- The Washington Times - Tuesday, November 24, 2020

The Pentagon and Russian defense ministry traded testy exchanges Tuesday after the USS John S. McCain sailed through a disputed section of the Peter the Great Bay in the Sea of Japan that the Kremlin has claimed since the days of the Soviet Union.

The Russian destroyer that threatened to ram the McCain as it carried of the sovereignty-challenging freedom of navigation operation had a similar close-call last year with another U.S. vessel operating in the Philippine Sea.

The U.S. Navy routinely conducts what it calls “FONOPs” in the South China Sea, where Washington and nations around East Asia have challenged China’s expansive territorial claims. But the mission this week into the bay provoked an unusually sharp exchange.

“These waters are not Russia’s territorial sea,” U.S. Navy officials said in a statement. “The United States does not acquiesce in Russia’s claim that Peter the Great is a ‘historic bay’ under international law.”

TASS, the official Russian news agency, said the McCain violated Russia’s territorial waters by going more than a mile past the maritime border. The Russian Navy’s Admiral Vinogradov anti-submarine destroyer notified the U.S. ship that it faced being “forced out of the country’s territorial waters in a ramming maneuver.”

The Russian Navy claimed the Admiral Vinogradov “stopped” the McCain, which then returned to international waters. U.S. Navy officials called the Russian statement “false.”

“USS John S. McCain was not ‘expelled’ from any nation’s territory. McCain conducted this FONOP in accordance with international law and continued to conduct normal operations in international waters,” U.S. officials said.

The same Russian ship was involved in a similar close call in June 2019 with the USS Chancellorsville, a guided missile cruiser operating in the Philippine Sea. According to the U.S. Navy, the Admiral Vinogradov came up from behind then suddenly accelerated and moved to the right of the U.S. ship as it was recovering helicopters. The Russian destroyer got within 50 to 100 feet of the American vessel.

“This unsafe action forced Chancellorsville to execute all engines back full and to maneuver to avoid collision,” U.S. Navy officials said. “We consider Russia’s actions during this interaction as unsafe and unprofessional.”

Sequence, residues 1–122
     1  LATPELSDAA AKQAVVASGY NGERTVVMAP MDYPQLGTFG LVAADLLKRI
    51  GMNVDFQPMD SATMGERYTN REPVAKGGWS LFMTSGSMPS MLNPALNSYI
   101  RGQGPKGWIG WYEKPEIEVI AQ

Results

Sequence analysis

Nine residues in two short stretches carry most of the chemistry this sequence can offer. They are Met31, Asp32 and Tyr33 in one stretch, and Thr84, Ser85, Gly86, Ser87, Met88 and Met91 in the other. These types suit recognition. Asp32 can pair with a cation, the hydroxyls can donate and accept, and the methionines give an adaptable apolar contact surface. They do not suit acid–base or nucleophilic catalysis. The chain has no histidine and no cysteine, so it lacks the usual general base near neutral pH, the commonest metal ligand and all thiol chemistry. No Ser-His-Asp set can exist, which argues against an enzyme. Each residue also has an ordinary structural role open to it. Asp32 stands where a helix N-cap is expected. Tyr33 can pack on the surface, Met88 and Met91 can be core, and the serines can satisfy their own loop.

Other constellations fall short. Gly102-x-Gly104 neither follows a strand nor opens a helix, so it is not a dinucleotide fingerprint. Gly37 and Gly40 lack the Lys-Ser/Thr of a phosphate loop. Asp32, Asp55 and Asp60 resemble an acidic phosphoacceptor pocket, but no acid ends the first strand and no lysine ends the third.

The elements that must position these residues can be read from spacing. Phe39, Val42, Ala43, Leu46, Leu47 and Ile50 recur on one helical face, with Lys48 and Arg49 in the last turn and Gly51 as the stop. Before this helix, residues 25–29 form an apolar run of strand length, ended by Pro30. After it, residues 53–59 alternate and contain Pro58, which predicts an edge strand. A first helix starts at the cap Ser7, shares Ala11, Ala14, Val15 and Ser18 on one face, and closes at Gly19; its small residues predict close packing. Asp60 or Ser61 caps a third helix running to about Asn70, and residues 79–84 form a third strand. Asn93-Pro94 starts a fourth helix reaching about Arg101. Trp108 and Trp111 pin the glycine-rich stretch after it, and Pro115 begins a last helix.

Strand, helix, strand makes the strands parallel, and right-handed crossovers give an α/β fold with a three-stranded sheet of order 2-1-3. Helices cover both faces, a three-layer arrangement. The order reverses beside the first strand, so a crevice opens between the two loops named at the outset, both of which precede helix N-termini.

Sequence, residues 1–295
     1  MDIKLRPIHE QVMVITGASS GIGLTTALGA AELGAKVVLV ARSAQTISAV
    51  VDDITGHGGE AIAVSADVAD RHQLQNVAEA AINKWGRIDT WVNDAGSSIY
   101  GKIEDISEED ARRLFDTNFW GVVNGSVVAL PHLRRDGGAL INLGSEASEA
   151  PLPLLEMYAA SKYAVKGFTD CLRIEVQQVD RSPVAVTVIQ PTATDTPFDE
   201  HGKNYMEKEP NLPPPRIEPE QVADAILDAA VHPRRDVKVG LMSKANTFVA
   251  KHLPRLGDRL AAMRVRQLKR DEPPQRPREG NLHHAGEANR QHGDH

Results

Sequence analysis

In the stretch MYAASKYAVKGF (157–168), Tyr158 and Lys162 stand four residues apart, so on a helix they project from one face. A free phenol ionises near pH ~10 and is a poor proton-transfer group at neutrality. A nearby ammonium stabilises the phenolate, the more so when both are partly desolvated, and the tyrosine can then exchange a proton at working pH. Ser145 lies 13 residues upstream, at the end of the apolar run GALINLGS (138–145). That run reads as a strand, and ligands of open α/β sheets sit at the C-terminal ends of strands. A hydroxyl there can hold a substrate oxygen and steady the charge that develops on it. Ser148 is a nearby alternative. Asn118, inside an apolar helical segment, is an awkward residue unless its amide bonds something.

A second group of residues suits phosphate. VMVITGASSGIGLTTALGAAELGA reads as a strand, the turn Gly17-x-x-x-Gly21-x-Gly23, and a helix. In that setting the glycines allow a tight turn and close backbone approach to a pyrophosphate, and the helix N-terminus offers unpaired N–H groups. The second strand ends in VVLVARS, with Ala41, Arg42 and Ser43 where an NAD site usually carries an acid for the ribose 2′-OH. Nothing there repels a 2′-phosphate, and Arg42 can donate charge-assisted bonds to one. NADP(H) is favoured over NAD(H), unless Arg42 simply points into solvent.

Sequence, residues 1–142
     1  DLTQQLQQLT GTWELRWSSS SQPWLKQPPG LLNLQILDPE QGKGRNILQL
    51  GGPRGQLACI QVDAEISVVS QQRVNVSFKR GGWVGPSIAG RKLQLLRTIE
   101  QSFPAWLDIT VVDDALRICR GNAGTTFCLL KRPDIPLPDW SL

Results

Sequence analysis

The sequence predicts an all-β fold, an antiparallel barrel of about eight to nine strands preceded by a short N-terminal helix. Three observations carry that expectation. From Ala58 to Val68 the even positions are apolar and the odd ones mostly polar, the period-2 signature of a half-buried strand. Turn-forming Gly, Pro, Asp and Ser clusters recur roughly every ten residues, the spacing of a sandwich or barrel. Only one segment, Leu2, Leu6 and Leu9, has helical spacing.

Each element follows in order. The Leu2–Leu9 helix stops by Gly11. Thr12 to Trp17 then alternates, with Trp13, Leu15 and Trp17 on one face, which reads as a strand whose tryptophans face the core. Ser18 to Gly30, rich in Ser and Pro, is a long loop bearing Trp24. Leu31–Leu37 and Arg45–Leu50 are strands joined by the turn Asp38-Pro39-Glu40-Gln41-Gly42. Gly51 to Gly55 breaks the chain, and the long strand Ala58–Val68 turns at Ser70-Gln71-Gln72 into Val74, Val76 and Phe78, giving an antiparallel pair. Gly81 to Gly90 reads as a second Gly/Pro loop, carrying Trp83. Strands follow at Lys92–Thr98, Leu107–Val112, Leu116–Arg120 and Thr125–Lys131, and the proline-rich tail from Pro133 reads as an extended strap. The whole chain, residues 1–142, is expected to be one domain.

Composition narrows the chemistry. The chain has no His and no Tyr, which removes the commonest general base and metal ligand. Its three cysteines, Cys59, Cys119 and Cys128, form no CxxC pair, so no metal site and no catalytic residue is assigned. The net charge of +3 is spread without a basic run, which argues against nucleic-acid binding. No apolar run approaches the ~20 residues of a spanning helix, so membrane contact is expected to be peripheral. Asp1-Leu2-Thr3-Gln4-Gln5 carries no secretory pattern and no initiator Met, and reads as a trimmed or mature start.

Russia denied its ship was at fault for the near collision, telling TASS the USS Chancellorsville suddenly changed course and crossed over in front of the Admiral Vinogradov, forcing it to carry out an “emergency maneuver.”

Brent Sadler, a senior fellow for naval warfare and advanced technology at the Heritage Foundation, said he wouldn’t be surprised if the incident reflected Russia’s desire to show the U.S. they are also a Pacific power and, like China, willing to push back against the traditional dominant position of the U.S. Navy in the region.

“The Russians and the Chinese are also due to renew their strategic partnership,” Mr. Sadler said. “I’m pretty sure there’s a connection there.”

The U.S. regularly conducts freedom of navigation missions in the western Pacific to dispute excessive claims by several countries, especially China in recent years. Analysts say the exercises are critical to upholding international rule of law in the face of growing authoritarian challenges.

“Such excessive claims are a threat to all who rely on freedom of navigation and Washington should seek to assemble the largest coalition of allies and partners possible to defend a free, open and inclusive Indo-Pacific,” said Bradley Bowman, senior director of the Center for Military and Political Power at the Foundation for Defense of Democracies.

There have been an increasing number of incidents with Russia’s Navy. In January 2020, an unidentified Russian Navy ship “aggressively approached” the USS Farragut while on routine operations in the North Arabia Sea. The Farragut sounded five short blasts, the international maritime signal for danger of a collision, and told the Russian ship to change its course.

“The Russian ship initially refused but ultimately altered course and the two ships opened distance from one another,” U.S. Navy officials said.

Brad Martin, a military analyst with the RAND Corporation, said there was no evidence the USS McCain was operating within internationally recognized Russian territory. He said these dangerous incidents are not something a Russian captain would decide to do on his own accord.

“It’s a policy statement. They want to make a point that they’re a great power and they can’t be overrun,” Mr. Martin said. “It’s more theater than anything.”

• Mike Glenn can be reached at mglenn@washingtontimes.com.

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